‘We will not be anywhere near as focused on buybacks going forward as we have in the past’: Intel’s new CEO.
By Wolf Richter | 3 May 2021
WOLF STREET — US semiconductor manufacturing has declined to where it is now only 12% of the world’s total, said Intel’s new CEO Pat Gelsinger in an interview with CBS on 60 Minutes. “And anybody who looks at supply chain says, ‘That’s a problem.’” It’s a problem, he said, “because relying on one region, especially one as unpredictable as Asia,” where 75% of the chips are made, “is highly risky.”
And Intel, which made $63 billion in net income over the past three years combined, “has been lobbying the US government to help revive chip manufacturing at home – with incentives, subsidies, and-or tax breaks, the way the governments of Taiwan, Singapore, and Israel have done,” Gelsinger said. This lobbying came after Intel had incinerated $84.5 billion in share buybacks since 2011 (data via YCharts):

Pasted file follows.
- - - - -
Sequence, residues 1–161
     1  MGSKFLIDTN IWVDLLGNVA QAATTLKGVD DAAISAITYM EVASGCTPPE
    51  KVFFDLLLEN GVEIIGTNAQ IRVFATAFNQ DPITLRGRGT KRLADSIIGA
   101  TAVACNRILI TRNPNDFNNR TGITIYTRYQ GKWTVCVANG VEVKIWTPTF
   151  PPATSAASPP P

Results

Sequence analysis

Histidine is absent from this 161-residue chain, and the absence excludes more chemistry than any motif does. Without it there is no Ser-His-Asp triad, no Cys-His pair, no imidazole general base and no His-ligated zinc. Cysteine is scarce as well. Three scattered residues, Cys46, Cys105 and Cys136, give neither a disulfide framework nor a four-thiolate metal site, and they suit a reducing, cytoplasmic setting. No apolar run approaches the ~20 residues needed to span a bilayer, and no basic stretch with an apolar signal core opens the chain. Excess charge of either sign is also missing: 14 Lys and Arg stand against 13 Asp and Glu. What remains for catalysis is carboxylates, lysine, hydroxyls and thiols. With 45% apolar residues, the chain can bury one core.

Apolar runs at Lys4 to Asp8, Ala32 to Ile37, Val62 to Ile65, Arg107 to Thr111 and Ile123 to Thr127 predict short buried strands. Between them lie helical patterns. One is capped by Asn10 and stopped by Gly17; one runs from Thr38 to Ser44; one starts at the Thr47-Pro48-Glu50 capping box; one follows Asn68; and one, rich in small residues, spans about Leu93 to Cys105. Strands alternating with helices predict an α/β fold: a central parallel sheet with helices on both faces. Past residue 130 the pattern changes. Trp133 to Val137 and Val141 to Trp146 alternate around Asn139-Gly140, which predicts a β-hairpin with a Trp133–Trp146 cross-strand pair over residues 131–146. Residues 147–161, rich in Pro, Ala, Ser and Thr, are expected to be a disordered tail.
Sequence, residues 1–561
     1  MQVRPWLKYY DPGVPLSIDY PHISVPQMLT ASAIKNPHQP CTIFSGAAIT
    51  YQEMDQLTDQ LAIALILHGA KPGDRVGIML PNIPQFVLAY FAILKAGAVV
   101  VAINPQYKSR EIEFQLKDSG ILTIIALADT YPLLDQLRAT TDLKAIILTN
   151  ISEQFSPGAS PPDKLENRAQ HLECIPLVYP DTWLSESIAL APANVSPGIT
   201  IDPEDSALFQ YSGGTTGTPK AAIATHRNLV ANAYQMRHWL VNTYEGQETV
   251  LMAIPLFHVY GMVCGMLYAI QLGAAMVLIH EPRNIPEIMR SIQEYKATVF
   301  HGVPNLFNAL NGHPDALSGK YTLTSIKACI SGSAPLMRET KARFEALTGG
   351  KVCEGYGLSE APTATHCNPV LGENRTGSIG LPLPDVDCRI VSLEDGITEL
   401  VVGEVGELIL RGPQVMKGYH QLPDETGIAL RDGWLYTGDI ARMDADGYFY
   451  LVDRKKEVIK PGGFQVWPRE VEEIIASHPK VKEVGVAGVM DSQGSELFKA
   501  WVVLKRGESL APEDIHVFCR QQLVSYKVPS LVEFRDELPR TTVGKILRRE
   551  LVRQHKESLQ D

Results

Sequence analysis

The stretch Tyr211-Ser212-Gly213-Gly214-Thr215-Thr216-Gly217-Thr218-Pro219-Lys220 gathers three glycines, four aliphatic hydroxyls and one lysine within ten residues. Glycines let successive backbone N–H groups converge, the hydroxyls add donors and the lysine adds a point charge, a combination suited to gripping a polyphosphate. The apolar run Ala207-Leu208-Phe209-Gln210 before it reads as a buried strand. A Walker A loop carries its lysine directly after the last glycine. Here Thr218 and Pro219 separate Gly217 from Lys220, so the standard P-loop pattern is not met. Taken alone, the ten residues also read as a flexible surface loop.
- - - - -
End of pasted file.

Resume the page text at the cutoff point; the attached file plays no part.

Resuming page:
The success of Intel’s lobbying became clear in late March when the White House unveiled $50 billion in subsidies for semiconductor makers in the US to address the shortages and US exposure to foreign chip makers, as part of its $2 trillion infrastructure plan. The subsidies for the semiconductor industry have bipartisan support in Congress, the White House said. Corporate subsidies have nearly always bipartisan support. […]